The official count of everyone in Scotland starts on the 28th of February. Don’t be caught out by scammers attempting to gather personal financial information.
What could a census scam look like?
A scammer may request –
- Payment of money for a fine or fee
- Personal financial information, such as your national insurance number, bank details, or debit and credit card details
Census Scotland will never ask for money or personal financial information – If you receive a request for these, you can be sure it is a scam!
How do you know if communication claiming to be from Census Scotland is real?
You should have been contacted by letter in early 2022 to ask you to complete the census and tell you what you need to do.
After that, you will only be phoned, emailed, or sent a text by Census Scotland:
- If you have asked them to
- If you have requested something from them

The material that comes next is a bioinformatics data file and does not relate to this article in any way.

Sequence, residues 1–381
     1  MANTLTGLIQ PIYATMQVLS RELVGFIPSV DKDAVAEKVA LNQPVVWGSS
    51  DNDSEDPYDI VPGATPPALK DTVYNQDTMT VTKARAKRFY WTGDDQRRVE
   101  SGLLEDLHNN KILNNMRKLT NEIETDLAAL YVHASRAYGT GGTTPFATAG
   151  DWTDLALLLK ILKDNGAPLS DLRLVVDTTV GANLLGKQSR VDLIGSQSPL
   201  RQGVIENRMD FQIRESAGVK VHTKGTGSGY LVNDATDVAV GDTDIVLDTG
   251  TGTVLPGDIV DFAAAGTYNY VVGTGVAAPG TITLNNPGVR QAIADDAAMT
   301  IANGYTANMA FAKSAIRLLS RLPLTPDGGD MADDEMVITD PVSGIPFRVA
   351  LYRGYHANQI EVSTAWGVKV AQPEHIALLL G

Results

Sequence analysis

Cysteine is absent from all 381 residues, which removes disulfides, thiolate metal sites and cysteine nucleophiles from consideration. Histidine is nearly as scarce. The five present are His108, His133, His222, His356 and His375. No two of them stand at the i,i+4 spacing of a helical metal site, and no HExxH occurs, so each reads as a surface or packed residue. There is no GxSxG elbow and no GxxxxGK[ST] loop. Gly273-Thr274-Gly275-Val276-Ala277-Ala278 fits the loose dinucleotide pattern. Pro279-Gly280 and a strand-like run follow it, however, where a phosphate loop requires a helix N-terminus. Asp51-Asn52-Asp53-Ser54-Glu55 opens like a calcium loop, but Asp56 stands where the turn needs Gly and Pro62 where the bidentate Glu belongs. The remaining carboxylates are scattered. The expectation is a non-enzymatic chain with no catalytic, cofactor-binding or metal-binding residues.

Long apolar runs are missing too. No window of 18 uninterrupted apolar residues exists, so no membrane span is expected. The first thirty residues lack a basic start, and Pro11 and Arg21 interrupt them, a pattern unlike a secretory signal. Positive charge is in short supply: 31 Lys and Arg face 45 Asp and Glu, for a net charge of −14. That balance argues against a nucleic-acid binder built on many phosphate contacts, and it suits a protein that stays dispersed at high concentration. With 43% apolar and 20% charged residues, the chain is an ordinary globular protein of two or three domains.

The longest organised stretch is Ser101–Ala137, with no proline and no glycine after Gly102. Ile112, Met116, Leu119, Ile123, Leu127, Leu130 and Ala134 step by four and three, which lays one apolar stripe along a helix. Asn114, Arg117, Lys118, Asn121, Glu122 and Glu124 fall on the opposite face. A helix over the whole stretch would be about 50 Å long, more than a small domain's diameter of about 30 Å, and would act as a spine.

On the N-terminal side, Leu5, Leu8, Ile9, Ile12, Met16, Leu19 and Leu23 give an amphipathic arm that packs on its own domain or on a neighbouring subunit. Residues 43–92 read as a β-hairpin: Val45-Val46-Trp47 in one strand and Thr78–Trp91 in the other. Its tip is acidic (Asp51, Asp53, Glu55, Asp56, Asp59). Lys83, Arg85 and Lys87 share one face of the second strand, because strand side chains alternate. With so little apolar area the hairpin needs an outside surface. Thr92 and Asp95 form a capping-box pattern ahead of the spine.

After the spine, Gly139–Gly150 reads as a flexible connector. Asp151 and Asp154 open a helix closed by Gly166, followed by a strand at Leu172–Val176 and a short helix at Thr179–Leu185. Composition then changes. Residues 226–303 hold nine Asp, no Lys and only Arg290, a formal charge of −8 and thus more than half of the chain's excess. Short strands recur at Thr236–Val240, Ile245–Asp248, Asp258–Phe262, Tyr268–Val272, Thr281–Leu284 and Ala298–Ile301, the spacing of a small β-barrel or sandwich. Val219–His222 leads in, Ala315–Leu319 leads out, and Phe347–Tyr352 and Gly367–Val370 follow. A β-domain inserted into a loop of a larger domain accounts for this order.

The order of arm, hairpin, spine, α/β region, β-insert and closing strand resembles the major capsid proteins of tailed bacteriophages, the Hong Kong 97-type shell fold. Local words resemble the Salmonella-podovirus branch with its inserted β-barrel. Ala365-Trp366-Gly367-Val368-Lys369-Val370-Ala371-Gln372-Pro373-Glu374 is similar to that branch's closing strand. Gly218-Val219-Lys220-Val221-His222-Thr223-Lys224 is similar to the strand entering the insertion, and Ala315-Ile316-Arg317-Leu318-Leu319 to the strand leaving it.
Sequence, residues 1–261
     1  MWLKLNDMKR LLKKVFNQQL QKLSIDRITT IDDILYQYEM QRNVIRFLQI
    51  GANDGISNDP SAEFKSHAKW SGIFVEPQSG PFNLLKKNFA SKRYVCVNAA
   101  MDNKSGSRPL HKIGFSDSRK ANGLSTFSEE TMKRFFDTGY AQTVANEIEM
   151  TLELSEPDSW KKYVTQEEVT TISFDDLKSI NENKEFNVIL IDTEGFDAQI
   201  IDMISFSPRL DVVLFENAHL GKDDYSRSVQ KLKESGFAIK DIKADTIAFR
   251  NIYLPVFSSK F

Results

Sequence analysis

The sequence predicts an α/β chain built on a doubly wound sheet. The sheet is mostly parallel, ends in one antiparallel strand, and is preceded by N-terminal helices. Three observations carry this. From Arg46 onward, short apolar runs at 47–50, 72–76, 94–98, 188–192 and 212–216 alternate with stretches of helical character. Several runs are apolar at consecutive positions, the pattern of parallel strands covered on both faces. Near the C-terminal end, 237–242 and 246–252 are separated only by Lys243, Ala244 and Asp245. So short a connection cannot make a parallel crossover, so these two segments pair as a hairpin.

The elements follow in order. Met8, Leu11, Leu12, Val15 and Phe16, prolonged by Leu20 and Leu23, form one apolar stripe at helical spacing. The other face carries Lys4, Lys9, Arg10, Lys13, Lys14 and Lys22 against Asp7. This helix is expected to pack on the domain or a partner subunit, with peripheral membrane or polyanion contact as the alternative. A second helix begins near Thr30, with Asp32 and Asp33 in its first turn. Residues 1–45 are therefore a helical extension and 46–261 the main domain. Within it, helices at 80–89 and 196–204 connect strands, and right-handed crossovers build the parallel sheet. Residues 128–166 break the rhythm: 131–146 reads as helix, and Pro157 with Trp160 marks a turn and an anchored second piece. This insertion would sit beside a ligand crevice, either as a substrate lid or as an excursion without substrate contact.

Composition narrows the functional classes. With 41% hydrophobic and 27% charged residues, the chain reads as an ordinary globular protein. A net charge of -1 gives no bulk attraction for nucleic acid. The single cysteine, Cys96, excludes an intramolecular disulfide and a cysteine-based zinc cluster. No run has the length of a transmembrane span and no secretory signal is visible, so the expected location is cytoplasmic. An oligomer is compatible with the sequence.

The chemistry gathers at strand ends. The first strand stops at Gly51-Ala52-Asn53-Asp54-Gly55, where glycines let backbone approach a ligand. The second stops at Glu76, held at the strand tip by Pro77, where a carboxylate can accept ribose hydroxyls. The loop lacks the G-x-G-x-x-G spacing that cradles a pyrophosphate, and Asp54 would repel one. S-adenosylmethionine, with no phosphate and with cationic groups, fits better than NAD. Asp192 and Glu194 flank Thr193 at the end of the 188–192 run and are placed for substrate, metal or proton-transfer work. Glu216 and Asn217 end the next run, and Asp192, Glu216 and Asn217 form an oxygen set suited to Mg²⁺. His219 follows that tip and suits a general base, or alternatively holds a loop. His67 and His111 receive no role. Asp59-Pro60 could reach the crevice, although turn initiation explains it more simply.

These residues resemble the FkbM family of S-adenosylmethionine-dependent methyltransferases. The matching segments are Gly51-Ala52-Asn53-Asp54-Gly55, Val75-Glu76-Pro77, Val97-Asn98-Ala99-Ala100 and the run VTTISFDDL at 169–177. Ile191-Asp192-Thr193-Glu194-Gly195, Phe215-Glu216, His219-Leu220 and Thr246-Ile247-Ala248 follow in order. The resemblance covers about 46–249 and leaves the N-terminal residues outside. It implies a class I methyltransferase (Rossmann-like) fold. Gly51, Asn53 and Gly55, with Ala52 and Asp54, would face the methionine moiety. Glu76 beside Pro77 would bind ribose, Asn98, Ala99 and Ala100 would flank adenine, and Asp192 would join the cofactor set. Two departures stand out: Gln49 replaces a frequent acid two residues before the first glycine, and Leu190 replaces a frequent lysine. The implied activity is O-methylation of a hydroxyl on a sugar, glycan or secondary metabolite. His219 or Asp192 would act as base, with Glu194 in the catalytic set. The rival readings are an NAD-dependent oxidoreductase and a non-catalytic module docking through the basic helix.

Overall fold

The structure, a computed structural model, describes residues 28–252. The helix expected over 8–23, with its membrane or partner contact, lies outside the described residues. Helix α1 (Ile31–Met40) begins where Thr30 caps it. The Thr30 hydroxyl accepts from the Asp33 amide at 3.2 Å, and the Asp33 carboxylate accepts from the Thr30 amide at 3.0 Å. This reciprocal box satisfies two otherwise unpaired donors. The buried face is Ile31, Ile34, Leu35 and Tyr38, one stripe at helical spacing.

Will Census Scotland visit me at home?
You may be visited by one of the Census Scotland field team after the 20th of March 2022 if you have not completed your census questionnaire or if you have been selected for the Census Coverage Survey.
Census Scotland will never cold call you over the phone for any reason.
Will Census Scotland Gather any personal information?
Although the census does collect some personal information, remember:
- you should only provide this information in your census questionnaire, either online or on paper
- you will only be sent a paper questionnaire if you have asked for one
Reporting a suspected Census Scotland scam
If you suspect you have been approached by a scammer claiming to be from Census Scotland, you can report this to: email@example.com
If you have made a payment, or provided any personal financial information, you should contact your bank or building society.
If you feel threatened or intimidated by someone calling at your property, you can contact Police Scotland on ‘999’ in an emergency, or on ‘101’ (non-emergency number).
Scottish citizens can also report suspected scams and suspicious activity at www.scamwatch.scot